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Colorado Securities Head Moves to Halt 'Imposter' Firms

The state securities agency is trying to shut down two entities falsely claiming to be wealth management firms operating out of the same building as the agency itself.

Colorado Securities Commissioner Tung Chan issued separate orders against two “imposter” firms last week, the state department of regulatory agencies’ division of securities said. 

Joyce Dunbar Management and Fluxia Capital Management both falsely claimed to have offices in the same building as the Colorado Department of Regulatory Agencies, which houses the division alleging “the companies are fraudulent and using false statements on their websites to cloak themselves in legitimacy to lure in victims who are seeking investment advisory services.” 

“I’ve never heard of that before,” co-owner and Managing Director of Essential Edge Compliance Outsourcing Sandy Ressler said of the firms' uncanny choice of address. 

“It does seem like a very odd coincidence, but a lot of these scam artists do the same scam using multiple identities,” he said. “I don’t believe in coincidences, and I don’t in this case either, especially with the regulator coming out with these two examples of who they want to shut down.” 

Each has been served with an order to show cause as to why a final cease-and-desist order for unlicensed investment adviser activity should not be issued before the end of the month.  

Also doing business as Fluxia Group Investment LTD, Fluxia’s GoDaddy-hosted website appears to have been owned by someone in China and was taken down in December, according to state investigators.  

In addition to the false address, investigators said the site used a stock photo taken from the internet as the image of a Mark Peter Verwymeren, who appeared as either president and managing partner or CEO in various state filings. It also contained false claims about licensing, registrations and filing status and promoted a “robust super trading system” that may not exist.  

The entity was registered with the Securities and Exchange Commission in March 2023, but the registration was withdrawn in August. A Kentucky state registration became invalid about two months ago, and while an application was filed in Colorado, no license was ever granted.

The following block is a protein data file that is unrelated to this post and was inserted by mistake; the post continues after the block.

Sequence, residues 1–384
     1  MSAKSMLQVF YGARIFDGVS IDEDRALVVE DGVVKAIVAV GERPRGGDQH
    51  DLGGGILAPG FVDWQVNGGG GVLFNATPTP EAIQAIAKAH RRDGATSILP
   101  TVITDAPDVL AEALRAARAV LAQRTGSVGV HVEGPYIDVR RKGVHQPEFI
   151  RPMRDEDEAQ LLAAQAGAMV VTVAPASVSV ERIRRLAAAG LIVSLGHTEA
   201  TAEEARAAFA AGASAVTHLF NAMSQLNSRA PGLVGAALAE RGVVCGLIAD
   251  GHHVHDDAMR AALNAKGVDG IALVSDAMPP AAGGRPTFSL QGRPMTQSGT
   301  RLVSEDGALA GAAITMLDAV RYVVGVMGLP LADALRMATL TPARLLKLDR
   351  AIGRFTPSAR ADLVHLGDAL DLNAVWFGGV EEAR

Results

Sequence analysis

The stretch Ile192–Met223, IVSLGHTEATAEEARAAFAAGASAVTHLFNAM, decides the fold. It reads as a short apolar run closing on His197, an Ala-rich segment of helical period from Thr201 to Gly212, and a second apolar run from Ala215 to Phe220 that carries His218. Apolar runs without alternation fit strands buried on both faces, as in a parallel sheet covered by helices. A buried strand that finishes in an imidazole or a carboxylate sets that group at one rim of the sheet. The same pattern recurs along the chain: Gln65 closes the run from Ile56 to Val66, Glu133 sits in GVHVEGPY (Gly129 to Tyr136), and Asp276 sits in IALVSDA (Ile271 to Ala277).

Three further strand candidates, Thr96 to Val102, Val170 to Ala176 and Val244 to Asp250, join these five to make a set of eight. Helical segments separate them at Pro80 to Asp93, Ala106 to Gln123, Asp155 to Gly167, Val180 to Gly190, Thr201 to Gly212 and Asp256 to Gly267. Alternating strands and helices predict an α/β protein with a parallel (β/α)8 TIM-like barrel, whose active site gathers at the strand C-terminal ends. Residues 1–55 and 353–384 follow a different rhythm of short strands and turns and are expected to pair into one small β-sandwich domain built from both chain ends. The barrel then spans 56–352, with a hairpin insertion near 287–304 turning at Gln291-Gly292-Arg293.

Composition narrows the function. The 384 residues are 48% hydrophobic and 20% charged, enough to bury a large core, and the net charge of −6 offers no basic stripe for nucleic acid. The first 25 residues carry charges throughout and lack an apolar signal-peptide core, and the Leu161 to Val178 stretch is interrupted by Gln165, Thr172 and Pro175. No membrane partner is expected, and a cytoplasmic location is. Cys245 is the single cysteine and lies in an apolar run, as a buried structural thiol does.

An individual identified as Fluxia’s chief of compliance reportedly spoke with someone from the state early in the application process, requested to communicate by email and then ceased communication altogether. Investigators found a parking lot and virtual office space at the mailing address provided, 

In Joyce Dunbar's case, the investigators found no registration attempts. The CRD number attached to someone by that name on the website belongs to a Georgia advisor, and the identification number given to Colorado’s secretary of state belongs to Mary Wubker Asset Management in Denver.  

The Dunbar website also used a false image to represent its namesake, featuring a photo taken from the website of a Florida attorney who swore in an affidavit that she had no knowledge that the site was using her image.  

The Dunbar website, which was taken down on Friday and back online Monday morning, includes glowing testimonials and offers three bitcoin investment plans that promise “outlandish” returns, according to DORA—including weekly returns of 20% with an investment of at least $100,000. It also claims Joyce Dunbar is “a fiduciary financial advisor” who has passed at least eight securities exams. 

“The Division does not have any records indicating Dunbar ever held a securities license,” Investigator Kristopher Ostrom wrote in the petition to the court.  

After subpoenaing the domain host, investigators learned that Martha Hess in Lineville, Iowa, owns the site.   

The respondents have until April 29 to respond to the order. Attempts to reach out to Joyce Dunbar and Fluxia were unsuccessful.  

Ressler said he doesn’t see this kind of thing happen often “anymore,” crediting state and federal agencies. 

“Scammers do such a good job now,” he said. “Even the bad ones do such a good job of making their websites look legitimate that the only real line of defense are the regulators, and I’m glad to see they’re doing their jobs. Between the states and the federal regulators, I think they do a pretty good job of policing the obvious frauds, and this is a good example of that.”  

“It’s always good when states are proactive in protecting the investors, whether it’s on a website that’s national or in their own backyard,” he added. “Especially given the prevalence of the internet and what we’ve seen over the last decade as far as internet-based scams. I saw something a few weeks ago that said people lost more than $12 billion to online scams in the U.S. last year.” 

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